The Irish Republican Socialist Party has said it believes that two of its members were killed as part of a wider campaign against the party by the British government and are now the target of a potential cover-up.
The party spoke out after it emerged that the British authorities have arrogated a decision on whether there should be a new inquest into the death of IRSP activist Noel Little (pictured, right).
He was shot dead with fellow IRSP member Ronnie Bunting (left) at a house in the Andersonstown area of west Belfast in October 1980.
It has always been thought that members of the British Army’s SAS were involved in the attack and that an RUC police intelligence unit had the murder house under surveillance shortly before the killings.
Mr Little’s family have information which suggests the undercover RUC team was withdrawn even though there was information to indicate an attack was imminent. The murder weapons and getaway car were also never recovered.
The two men, who were key members of the IRSP, were shot dead less than a year after Tory MP Airy Neave was killed in 1979 when a booby-trap bomb exploded under his car at the House of Commons in London. A senior figure in the Conservative Party, Mr Neave was a close ally of then British Prime Minister Margaret Thatcher. The bomb was planted by the Irish National Liberation Army, which was closely linked to the IRSP.
After Mr Neave’s death several high profile figures with links to the IRSP were shot dead or seriously injured, including Miriam Daly who had resigned from the party shortly before she was killed in June 1980. John Turnly, a Protestant who was a member of the National H-Block Committee, was killed in County Antrim in June 1980 while former IRSP member and H-Block campaigner Bernadette McAliskey was also injured in her County Tyrone home in January 1981.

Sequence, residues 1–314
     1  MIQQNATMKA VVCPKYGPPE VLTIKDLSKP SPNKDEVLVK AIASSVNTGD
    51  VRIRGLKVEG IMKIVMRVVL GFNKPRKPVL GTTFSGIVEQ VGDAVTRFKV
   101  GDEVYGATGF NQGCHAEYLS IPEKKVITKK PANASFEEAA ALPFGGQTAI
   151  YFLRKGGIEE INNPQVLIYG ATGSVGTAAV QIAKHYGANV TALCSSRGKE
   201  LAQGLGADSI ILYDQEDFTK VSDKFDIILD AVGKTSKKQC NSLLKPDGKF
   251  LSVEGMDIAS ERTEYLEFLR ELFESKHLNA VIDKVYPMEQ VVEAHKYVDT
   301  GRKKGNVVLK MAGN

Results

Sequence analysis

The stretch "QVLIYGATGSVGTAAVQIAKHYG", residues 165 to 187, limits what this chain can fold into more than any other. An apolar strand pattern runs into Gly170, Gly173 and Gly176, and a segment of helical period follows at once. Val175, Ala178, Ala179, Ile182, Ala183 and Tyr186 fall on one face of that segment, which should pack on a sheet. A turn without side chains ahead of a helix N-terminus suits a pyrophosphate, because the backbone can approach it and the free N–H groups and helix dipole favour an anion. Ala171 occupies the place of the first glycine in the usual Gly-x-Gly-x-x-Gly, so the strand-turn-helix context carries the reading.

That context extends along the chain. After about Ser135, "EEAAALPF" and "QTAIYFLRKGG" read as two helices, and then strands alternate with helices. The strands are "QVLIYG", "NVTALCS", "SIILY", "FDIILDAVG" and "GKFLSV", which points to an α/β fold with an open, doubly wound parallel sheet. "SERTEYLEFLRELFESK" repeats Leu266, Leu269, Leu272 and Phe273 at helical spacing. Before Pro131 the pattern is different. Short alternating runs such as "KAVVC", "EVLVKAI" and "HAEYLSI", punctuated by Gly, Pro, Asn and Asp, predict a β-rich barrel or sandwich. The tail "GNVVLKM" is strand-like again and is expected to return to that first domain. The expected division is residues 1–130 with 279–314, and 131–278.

Lawyer Michael Brentnall, who represents the Little family, said the deaths of Mr Neave and the two IRSP men were likely linked.
“There are compelling circumstances which indicate that the killings were either committed by the British security services or facilitated by them and these killings are connected in proximity and organisational terms to the killing of Airey Neave,” he said.
The British ‘Advocate General’ for the North of Ireland is to make the inquest decision after the case was controversially shifted away from the north’s attorney general by Direct Ruler Karen Bradley.
Mr Brentnall questioned if it was appropriate for the case to be transferred to the Advocate General, who is a Conservative MP.
Noel Little’s nephew Paul Little said his family is surprised by the latest development.
“From a family point of view there was stuff withheld from the first inquest and there needs to be a second one,” he said. “Justice not only has to be done it has to be seen to be done and there needs to be transparency.”